The concept of epithelium organoid units was also applied to other organs of the gastrointestinal tract. A tissue-engineered colon was assessed as an alternative to an ileal pouch after a colectomy in a rat model. An end ileostomy alone was compared to an end ileostomy combined with a side-to-side ileum-tissue-en-gineered colon anastomosis. The tissue-engineered colon resulted in higher transit times, with lower stool moisture content and higher total serum bile acids [104]. The effect of cell source, i.e., adult or neonatal tissue, was also assessed. The architecture of the tissue-engineered colon resembles that of native colon (Fig. 16.4). Furthermore, it was found that the in vitro function was consistent with that of mature colono-cytes [105].

Fig. 16.4 a Gross morphology of tissue-engineered colon at 4 weeks after implantation in a rat model. Intestinal organoid units, mesenchymal cell cores surrounded by a polarized epithe-lia, were isolated from full-thickness sigmoid colon dissection, seeded on a polymer scaffold and implanted into the omentum of syngeneic hosts, resulting in cyst formation. The cysts were subsequently anastomosed to either the small or large intestine in a side-to-side fashion. b Immunohistochemical staining for actin of native (a) and tissue-engineered (b) colon. Both stain positively in the muscularis propria Original magnification x 10. (Reprinted with permission from [105])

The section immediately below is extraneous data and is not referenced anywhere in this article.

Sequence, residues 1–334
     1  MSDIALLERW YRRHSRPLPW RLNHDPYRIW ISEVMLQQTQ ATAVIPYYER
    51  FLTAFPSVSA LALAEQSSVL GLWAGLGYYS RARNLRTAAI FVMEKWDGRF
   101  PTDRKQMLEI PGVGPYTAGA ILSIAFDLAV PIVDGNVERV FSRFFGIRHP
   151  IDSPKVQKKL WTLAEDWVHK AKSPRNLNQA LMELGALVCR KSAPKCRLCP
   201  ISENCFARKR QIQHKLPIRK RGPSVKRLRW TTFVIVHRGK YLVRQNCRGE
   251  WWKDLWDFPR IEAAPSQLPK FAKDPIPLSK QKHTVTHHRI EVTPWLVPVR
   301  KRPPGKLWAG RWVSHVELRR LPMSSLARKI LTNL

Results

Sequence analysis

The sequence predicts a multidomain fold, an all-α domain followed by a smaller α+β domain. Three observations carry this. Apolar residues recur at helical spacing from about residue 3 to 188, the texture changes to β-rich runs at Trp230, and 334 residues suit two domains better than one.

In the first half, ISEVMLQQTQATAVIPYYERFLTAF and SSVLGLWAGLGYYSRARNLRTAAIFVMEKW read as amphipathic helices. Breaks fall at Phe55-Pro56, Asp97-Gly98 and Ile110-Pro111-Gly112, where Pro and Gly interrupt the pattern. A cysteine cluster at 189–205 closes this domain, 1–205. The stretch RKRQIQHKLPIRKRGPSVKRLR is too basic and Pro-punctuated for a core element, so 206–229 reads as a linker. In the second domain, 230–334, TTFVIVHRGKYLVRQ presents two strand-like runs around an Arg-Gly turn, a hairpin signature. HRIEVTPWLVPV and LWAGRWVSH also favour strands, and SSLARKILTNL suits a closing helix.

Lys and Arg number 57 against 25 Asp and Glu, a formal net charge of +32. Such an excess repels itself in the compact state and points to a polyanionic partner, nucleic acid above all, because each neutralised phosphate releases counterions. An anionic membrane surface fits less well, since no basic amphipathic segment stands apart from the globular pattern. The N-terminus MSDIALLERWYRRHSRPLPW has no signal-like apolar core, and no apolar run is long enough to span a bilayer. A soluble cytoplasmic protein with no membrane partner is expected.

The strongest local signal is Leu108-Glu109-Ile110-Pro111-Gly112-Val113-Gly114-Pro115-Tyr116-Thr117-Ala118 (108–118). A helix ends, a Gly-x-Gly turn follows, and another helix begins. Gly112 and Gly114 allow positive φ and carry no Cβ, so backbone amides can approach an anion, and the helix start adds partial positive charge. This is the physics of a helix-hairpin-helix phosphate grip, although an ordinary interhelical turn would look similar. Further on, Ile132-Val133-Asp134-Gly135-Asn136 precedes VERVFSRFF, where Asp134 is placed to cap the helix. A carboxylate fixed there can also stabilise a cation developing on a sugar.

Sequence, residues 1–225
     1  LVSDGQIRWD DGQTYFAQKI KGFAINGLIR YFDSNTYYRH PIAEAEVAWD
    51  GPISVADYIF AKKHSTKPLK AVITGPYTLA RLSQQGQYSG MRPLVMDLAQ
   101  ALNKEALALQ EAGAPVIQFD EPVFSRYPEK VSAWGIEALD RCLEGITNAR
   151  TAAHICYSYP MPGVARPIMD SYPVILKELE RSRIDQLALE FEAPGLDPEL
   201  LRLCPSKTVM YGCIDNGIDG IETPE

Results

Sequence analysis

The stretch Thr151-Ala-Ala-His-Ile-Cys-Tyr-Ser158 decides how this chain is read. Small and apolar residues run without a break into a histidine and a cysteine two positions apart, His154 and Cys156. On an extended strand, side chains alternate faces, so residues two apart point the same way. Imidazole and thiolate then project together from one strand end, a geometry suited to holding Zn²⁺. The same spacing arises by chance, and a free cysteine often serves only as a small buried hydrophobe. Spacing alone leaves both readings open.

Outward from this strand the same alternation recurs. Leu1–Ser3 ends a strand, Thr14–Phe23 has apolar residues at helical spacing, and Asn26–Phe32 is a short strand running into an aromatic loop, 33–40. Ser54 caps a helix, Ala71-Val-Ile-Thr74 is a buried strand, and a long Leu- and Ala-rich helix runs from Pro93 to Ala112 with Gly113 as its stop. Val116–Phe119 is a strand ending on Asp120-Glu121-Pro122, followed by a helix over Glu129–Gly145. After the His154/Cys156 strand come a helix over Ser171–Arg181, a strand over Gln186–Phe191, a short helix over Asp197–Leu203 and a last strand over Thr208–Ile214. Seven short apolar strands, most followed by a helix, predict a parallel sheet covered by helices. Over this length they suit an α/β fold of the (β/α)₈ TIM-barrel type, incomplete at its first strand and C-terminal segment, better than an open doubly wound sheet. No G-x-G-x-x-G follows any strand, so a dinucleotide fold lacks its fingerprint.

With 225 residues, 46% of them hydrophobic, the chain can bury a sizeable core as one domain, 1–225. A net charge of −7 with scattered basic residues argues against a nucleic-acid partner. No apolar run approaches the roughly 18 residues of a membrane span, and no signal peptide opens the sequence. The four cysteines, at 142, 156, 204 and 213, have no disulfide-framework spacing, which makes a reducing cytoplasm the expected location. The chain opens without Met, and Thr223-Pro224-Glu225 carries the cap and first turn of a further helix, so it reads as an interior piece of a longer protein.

The concept of a tissue-engineered stomach has also been investigated as an alternative to currently used reconstruction techniques after a total gastrectomy. Tissue-engineered stomachs were created from stomach organoid units isolated from neonatal and adult donor rats and implanted in syngeneic adult rats. The resulting cysts resembled native stomachs histologi-cally [106]. Tissue-engineered stomachs were successfully used as replacement stomachs in a rat model by resecting the native stomach and anastomosing the tissue-engineered stomach between the native esophagus and jejunum. An upper gastrointestinal study revealed no evidence of bowel stenosis or obstruction at both anastomosis sites. Histologically, the tissue-engineered stomachs had well-developed, vascularized tissue with a neomucosa continuously lining the lumen and stratified smooth muscle layers [107].

Tissue engineering of the gastrointestinal tract has been shown to be a versatile model for studying the gastric physiology. Using this approach, important insights into tissue development and potential therapy can be gained. A recent study has characterized the mi-crovasculature and angiogenic growth factor profile of tissue-engineered intestine. While tissue-engineered intestine has the histological appearance of native tissue, the mechanism driving angiogenesis differs in tissue-engineered intestine and in normal small intestine. Delivery of angiogenic factors like vascular endothelial growth factor (VEGF) and basic fibroblast growth factor (bFGF) is proposed as a remedy, and this may bring tissue-engineered intestine closer to clinical applications [108].